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Jeff Crowe is a member of Berger Kahn’s Litigation and Dispute Resolution team and serves as co-chair of the firm’s Professional Development Committee. He concentrates his practice on complex civil litigation, with an emphasis on business litigation and insurance bad faith. He also has broad civil litigation experience in matters involving personal injury, real estate, product liability, and medical malpractice.
Over the past five years, Jeff has represented individuals, small businesses and large companies in a variety of commercial disputes. He has handled large complex cases starting from the investigation and discovery phase through trial and ending in appeal, and understands that effective client communication and aggressive advocacy are key to early and favorable resolutions to disputes.
Jeff has represented clients in state and federal courts and in mediation and arbitration proceedings. He recently obtained a judgment on a motion for nonsuit at the close of plaintiff’s case on behalf of an insurance company client. Jeff has also successfully achieved summary judgment and partial summary judgment on behalf of several large insurance clients in complex bad faith suits.
In 2011, Jeff was named a Southern California “Rising Star” by Super Lawyers magazine. Fewer than 2.5% of California attorneys who are under 40, or who have been practicing law 10 years or less are selected to the Rising Stars list.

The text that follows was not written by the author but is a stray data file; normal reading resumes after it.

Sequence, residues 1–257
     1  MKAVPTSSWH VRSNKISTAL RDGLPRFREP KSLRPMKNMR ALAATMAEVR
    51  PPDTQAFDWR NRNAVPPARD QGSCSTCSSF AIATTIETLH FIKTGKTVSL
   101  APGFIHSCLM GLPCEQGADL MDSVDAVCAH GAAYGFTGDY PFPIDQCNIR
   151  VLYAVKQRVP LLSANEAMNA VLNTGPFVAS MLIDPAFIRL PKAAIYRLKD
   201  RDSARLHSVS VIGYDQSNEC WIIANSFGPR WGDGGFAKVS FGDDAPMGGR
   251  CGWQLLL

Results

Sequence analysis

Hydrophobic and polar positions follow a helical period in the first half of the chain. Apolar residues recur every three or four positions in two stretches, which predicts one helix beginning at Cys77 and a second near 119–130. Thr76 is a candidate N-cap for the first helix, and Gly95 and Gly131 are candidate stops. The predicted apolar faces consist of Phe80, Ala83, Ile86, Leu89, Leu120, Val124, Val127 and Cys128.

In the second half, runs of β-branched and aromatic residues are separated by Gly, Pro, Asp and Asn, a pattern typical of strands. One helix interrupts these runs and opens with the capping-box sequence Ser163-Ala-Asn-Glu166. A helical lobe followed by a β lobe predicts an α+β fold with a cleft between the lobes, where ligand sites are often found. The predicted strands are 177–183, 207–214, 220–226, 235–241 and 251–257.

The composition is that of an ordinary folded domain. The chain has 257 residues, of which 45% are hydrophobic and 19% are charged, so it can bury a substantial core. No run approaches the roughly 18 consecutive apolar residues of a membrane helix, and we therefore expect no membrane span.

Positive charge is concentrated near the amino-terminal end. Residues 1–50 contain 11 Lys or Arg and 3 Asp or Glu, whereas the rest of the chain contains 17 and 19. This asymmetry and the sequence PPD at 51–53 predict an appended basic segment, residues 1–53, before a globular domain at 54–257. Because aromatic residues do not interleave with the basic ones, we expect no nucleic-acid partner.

An Orange County resident, Jeff enjoys skiing, surfing, golfing and basketball in his spare time.
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|Award name||Grantor||Date granted|
|Southern California "Rising Star"||Super Lawyers||2011|
|Outstanding Candidate Award||Whittier Law Review||N/A|
|Association name||Position name||Duration|
|State Bar of California||Member||N/A|
|Orange County Bar Association||Member||N/A|
|Berger Kahn’s Demurrer Sustained Without Leave to Amend||Berger Kahn Principals Jeff Crowe and David Ezra recently had a demurrer sustained without leave to amend in a case where they represented an insurance company against allegations of bad faith failure to defend.|
|See all legal cases|
|Whittier Law Review||New v. Armour Pharmaceutical Co. and The Twilight Zone Of Injury: Discussing The Statute of Limitations' Role In Contemporary Wrongful Infliction of AIDS and Toxic Torts Cases||2001|
|Whittier College School of Law||Law||JD - Juris Doctor||2001|
|California State University, Long Beach||N/A||BA - Bachelor of Arts||N/A|